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Direct talks with Taliban: 'US exploring all avenues,' State Department tells DW

The Trump administration is "exploring all avenues" and is in "close consultation" with the Afghan government to advance the peace process, a State Department spokesperson told DW. Anwar Iqbal reports from Washington.

On Sunday, The New York Times (NYT) reported that the Trump administration had asked its diplomats to seek direct talks with the Taliban, indicating a shift away from the policy of having no direct contact with the militants in Afghanistan.

Additionally, General John Nicholson, the top US commander in Afghanistan, was quoted by media outlets as saying Washington was ready to hold direct talks with the Taliban. According to a Reuters report from Kandahar published Monday, General Nicholson stated that the US Secretary of State Mike Pompeo said the US is "ready to talk to the Taliban and discuss the role of international forces."

The statement created much excitement in the US, Afghanistan and Pakistan, where it was interpreted as the acceptance of the long-standing Taliban demand over holding direct talks with Washington on the presence of US and NATO forces in Afghanistan.

However, both NATO and Nicholson quickly denied the veracity of the reports.

In a statement released Monday in response to the media reports by NATO's Afghanistan Resolute Support mission, NATO "refutes reports by the media that the Resolute Support commander said the US is ready to join direct negotiations with the Taliban during a visit with Afghan provincial and government representatives in Kandahar."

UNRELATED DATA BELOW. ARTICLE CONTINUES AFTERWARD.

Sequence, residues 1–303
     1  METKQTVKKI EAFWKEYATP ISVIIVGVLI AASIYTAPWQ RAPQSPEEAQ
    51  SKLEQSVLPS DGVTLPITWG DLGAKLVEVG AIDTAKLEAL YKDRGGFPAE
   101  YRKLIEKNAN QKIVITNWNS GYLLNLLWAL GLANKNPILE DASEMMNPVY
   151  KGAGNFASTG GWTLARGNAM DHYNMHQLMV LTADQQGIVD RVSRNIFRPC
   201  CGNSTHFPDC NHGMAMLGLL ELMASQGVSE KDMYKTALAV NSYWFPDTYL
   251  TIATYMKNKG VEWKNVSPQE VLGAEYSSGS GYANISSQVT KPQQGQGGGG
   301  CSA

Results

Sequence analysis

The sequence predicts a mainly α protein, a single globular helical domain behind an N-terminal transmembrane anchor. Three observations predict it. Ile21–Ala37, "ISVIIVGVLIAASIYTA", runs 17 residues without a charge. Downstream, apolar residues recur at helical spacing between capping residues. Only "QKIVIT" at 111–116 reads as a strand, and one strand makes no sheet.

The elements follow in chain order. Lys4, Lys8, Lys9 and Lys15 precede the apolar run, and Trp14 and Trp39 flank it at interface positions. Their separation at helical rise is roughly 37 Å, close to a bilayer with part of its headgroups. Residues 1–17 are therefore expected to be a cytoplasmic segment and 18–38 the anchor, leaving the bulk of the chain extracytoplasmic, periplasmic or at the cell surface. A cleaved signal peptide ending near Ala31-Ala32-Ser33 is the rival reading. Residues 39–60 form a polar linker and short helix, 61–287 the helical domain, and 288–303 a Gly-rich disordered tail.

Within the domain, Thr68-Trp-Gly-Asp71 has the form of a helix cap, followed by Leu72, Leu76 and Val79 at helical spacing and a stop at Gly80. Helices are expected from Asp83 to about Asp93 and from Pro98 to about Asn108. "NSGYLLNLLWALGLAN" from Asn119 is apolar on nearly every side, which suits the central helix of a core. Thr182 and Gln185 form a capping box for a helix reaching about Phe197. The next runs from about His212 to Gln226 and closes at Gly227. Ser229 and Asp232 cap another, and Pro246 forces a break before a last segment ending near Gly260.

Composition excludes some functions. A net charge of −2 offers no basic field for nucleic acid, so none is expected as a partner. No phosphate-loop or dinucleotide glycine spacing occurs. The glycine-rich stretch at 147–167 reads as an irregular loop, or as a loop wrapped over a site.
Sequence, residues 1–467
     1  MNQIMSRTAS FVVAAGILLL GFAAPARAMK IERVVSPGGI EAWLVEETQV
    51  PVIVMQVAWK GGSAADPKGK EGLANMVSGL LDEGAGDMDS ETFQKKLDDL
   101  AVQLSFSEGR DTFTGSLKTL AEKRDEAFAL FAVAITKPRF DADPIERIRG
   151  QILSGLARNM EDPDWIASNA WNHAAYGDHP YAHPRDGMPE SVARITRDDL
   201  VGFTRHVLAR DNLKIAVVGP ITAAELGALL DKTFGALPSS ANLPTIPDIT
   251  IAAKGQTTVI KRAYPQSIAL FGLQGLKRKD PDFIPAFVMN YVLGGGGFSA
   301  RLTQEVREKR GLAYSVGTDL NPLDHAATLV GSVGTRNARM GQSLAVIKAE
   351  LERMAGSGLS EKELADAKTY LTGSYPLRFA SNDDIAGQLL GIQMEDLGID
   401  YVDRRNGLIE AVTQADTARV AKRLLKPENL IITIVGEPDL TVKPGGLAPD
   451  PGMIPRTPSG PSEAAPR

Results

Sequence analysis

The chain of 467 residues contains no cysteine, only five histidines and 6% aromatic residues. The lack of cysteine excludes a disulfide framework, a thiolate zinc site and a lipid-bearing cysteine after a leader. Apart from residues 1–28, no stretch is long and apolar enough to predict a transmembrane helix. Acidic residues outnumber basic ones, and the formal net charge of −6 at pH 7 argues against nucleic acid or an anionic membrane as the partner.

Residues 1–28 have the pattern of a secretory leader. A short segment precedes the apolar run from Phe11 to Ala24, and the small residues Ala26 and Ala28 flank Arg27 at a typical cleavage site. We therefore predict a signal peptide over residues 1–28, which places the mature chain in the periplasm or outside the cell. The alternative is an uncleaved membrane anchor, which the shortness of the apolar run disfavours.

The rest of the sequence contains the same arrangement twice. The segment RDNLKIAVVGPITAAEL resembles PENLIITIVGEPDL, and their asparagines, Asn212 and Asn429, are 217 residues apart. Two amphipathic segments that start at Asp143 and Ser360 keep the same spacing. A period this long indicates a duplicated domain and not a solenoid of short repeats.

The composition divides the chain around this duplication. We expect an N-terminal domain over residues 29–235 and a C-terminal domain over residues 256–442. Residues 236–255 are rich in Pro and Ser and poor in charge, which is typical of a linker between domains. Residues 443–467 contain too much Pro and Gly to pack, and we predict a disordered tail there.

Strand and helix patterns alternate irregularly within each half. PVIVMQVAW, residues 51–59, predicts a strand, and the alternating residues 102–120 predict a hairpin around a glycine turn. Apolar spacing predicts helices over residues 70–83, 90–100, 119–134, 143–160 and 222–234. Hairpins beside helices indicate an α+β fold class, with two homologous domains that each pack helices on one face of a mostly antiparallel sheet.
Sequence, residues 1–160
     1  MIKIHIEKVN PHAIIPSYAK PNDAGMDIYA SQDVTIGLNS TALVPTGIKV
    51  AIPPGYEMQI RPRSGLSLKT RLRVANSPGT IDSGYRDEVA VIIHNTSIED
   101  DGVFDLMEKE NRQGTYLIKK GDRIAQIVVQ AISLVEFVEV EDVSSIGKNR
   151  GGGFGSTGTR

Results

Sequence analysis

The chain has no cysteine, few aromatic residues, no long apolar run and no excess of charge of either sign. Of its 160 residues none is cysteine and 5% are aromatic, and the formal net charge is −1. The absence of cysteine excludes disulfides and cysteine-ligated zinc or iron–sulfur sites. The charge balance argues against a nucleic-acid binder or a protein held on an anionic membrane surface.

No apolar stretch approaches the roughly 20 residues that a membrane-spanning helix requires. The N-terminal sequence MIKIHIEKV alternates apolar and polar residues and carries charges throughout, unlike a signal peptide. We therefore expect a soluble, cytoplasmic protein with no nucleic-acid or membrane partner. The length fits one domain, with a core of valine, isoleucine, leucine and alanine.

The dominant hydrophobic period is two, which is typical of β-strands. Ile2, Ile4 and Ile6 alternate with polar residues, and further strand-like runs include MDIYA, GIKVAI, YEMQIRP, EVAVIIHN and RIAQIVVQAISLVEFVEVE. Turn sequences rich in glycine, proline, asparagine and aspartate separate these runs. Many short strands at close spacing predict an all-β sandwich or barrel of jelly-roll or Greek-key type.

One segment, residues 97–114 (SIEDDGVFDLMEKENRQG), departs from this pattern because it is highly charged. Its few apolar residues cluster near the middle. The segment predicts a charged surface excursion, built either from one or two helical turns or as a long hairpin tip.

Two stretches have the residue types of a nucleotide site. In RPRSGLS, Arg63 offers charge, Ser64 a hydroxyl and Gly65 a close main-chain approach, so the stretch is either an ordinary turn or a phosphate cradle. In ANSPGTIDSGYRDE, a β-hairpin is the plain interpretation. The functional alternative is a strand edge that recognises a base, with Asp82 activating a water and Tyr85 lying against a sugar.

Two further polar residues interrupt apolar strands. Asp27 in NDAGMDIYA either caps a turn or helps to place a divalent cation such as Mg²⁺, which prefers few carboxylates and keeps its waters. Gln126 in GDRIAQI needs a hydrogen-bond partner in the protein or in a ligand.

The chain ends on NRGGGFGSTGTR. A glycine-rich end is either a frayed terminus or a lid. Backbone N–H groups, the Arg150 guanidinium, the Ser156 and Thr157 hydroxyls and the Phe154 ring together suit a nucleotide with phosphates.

In media reports released Tuesday, Nicholson said his statements indicating that the United States is ready to work with the Taliban were "mischaracterized."

"The United States is not a substitute for the Afghan people or the Afghan government," Nicholson said.

DW contacted the US State Department for clarification over the US position on negotiating directly with the Afghan Taliban.

"The United States is exploring all avenues to advance a peace process in close consultation with the Afghan government," said a State Department spokesperson. "Any negotiations over the political future of Afghanistan will be between the Taliban and Afghan government."

Read more: Civilian deaths hit record high in Afghanistan: UN

A 'significant shift' in US policy?

The NYT report also said that negotiating with the Taliban would be a "significant shift" in US policy in Afghanistan. 

The Taliban have long demanded direct talks with the US, as they claim that the US-backed government in Kabul does not have the power to consider their main demand over the withdrawal of "all foreign troops from Afghanistan."

The US, however, insists that the Taliban must talk to the Afghan government if they want to be included in the peace process. Washington also insists that it could only play a supportive role in the talks.

The US State Department emphasized in a statement to DW, that whatever avenues Washington was exploring for furthering the Afghan peace process would be done in "close consultation" with the government in Kabul. 

"The United States is not a substitute for the Afghan people or the Afghan government, and any substantive negotiations with the Taliban must include the Afghan government," said the State Department spokesperson.

"This remains an Afghan-led process. The United States stands ready to support, facilitate, and participate as requested by the government of Afghanistan," the spokesperson added.